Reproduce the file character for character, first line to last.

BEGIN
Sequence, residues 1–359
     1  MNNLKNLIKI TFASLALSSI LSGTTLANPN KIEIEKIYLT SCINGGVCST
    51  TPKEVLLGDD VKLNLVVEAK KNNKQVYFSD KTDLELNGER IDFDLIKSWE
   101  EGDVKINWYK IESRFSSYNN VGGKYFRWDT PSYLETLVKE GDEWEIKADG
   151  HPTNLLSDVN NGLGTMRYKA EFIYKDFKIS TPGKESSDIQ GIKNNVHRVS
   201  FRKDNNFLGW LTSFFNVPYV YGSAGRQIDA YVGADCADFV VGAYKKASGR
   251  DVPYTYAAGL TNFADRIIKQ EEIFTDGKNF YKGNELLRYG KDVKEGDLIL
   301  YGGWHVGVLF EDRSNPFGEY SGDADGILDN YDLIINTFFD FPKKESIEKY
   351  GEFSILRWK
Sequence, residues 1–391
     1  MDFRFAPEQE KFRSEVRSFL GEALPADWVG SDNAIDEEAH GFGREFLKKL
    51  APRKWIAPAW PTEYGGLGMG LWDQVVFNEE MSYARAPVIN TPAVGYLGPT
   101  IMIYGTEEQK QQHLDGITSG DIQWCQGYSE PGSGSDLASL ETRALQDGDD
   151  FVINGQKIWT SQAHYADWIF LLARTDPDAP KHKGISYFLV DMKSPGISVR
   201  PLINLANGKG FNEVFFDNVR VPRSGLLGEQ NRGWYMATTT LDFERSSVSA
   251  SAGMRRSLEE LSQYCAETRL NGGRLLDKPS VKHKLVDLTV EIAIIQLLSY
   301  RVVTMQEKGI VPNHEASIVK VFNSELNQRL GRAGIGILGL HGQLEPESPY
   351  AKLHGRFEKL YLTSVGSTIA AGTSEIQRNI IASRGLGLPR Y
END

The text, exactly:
Sequence, residues 1–359
     1  MNNLKNLIKI TFASLALSSI LSGTTLANPN KIEIEKIYLT SCINGGVCST
    51  TPKEVLLGDD VKLNLVVEAK KNNKQVYFSD KTDLELNGER IDFDLIKSWE
   101  EGDVKINWYK IESRFSSYNN VGGKYFRWDT PSYLETLVKE GDEWEIKADG
   151  HPTNLLSDVN NGLGTMRYKA EFIYKDFKIS TPGKESSDIQ GIKNNVHRVS
   201  FRKDNNFLGW LTSFFNVPYV YGSAGRQIDA YVGADCADFV VGAYKKASGR
   251  DVPYTYAAGL TNFADRIIKQ EEIFTDGKNF YKGNELLRYG KDVKEGDLIL
   301  YGGWHVGVLF EDRSNPFGEY SGDADGILDN YDLIINTFFD FPKKESIEKY
   351  GEFSILRWK
Sequence, residues 1–391
     1  MDFRFAPEQE KFRSEVRSFL GEALPADWVG SDNAIDEEAH GFGREFLKKL
    51  APRKWIAPAW PTEYGGLGMG LWDQVVFNEE MSYARAPVIN TPAVGYLGPT
   101  IMIYGTEEQK QQHLDGITSG DIQWCQGYSE PGSGSDLASL ETRALQDGDD
   151  FVINGQKIWT SQAHYADWIF LLARTDPDAP KHKGISYFLV DMKSPGISVR
   201  PLINLANGKG FNEVFFDNVR VPRSGLLGEQ NRGWYMATTT LDFERSSVSA
   251  SAGMRRSLEE LSQYCAETRL NGGRLLDKPS VKHKLVDLTV EIAIIQLLSY
   301  RVVTMQEKGI VPNHEASIVK VFNSELNQRL GRAGIGILGL HGQLEPESPY
   351  AKLHGRFEKL YLTSVGSTIA AGTSEIQRNI IASRGLGLPR Y